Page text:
Once the basic design was laid out on the fabric, it was time to start the actual embroidery. The fact that I had not done ANY embroidery in about 30 years (for some strange reason!) didn’t deter me, and I set out with vast energy and enthusiasm, certain that I would create a thing of wondrous beauty. Three different kinds of metallic thread and about 3 inches, and two weeks later, I was incredibly frustrated! 

The metallic thread twisted, broke, frayed, shredded and basically did everything wrong that was possible. It was not going to be possible to embroider the fabric unless there was a dramatic change. A dear friend, Baroness Helena Raoulaina, who is very gifted with embroidery, blackwork, and other sorts of needlework suggested the Kreinick brand. Eureka! One of the Kreinick products is a braided thread which is very fine. The needle did not fray the thread, and it did not untwist, and it was the right shade of gold. For the next weeks and months, the bag with the fabric, hoop and embroidery materials was never far from me! 

At the same time, the details of the sleeves needed to be worked out. After carefully studying those same 200% close-ups, it looked as if the same corded edging used around the neckline and in the seams as piping had also been stitched to the slashed openings on the sleeves. It also looked as if the “puffs” had been tacked, at least lightly, to an under sleeve, because the puffs were much too symmetrical to just be pushed up on the arm.

I took a plain sleeve pattern that was not too tightly fitted, but also not too loose, and that had a seam directly under the arm, rather than at the back. This was to provide a foundation for the satin sleeve, which was in two sections. The first piece was the large puff at the top of the sleeve. The second piece was the lower section. The outer sleeve was cut about 5 inches longer than the foundation piece, to allow fabric to “puff” up at each interval. The edge at the cuff was cut into the scalloped shape seen in the picture.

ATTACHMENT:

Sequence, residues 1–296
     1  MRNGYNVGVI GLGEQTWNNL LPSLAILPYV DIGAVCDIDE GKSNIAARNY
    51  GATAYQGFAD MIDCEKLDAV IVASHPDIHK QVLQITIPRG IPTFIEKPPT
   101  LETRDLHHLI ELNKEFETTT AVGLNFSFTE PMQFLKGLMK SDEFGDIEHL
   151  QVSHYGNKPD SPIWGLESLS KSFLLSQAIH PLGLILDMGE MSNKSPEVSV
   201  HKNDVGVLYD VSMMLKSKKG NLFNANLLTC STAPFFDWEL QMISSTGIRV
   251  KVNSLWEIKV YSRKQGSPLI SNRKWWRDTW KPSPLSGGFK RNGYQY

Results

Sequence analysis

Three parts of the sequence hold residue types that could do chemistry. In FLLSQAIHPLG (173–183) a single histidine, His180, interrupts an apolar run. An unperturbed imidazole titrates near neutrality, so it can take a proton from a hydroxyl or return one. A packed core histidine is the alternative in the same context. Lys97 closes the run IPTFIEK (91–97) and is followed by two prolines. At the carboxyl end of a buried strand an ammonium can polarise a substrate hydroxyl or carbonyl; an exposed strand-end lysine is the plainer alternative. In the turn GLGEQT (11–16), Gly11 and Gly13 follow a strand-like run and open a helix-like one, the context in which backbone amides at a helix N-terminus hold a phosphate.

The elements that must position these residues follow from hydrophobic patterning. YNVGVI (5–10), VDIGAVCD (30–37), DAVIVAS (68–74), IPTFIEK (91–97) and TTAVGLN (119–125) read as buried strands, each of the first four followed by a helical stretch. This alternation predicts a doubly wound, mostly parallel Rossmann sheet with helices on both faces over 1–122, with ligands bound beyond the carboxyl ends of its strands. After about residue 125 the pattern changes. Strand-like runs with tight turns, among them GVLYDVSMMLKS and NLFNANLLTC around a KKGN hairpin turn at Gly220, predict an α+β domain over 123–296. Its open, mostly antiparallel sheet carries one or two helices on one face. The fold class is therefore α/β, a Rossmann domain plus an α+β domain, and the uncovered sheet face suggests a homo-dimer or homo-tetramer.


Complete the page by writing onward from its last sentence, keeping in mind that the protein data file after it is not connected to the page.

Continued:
Inner sleeve

Puffed sleeve top

Sleeve slashes


Because the fabric was very soft and supple, I decided to flat-line the satin outer sleeve, so that when it was puffed at each interval, the puff would stay. I used a plain poplin fabric, which did the trick of keeping each interval puffed away from the foundation sleeve, but did not add any bulk to the outer sleeve. Also, it took a couple of tries to get a top puff that was not too large, nor too small, but in the same proportion as the dress. The next tricks were to figure out how the cording was inset to the slashes, and how to attach the outer satin to the under foundation sleeve.

I ended up inserting the cording between the outer satin and the flat-lining fabric, which served the dual purpose of finishing the edge of the slash and getting the cording attached to the satin. This was all sewn on by hand. Getting the ends of the slash and the cording to lie smoothly took some experimenting, but eventually, I took two strips of cording and sewed each one to each edge of the slash, then sewed the flat-lining fabric to the edge of cording all the way around each opening. This was probably some of the hardest part of making the dress, because of all the “fiddling around” that had to happen with each slash (and there were a dozen or so slashes on each sleeve…..)

The outer satin sleeve is attached to the foundation sleeve at the seam under the arm only, and then only at evenly spaced intervals between each puff. It is sewn by hand. 


With the sleeves out of the way and the embroidery progressing nicely, it was time to actually make a dress! I didn’t think that creating the bodice was going to be too difficult, as I had made several gowns and vests during 2006 that had a similar shape, and therefore had a basic block from which to work. I had also made several skirts and gowns that used the cartridge pleating technique to gather fabric around the waist, so that was also not going to be a problem.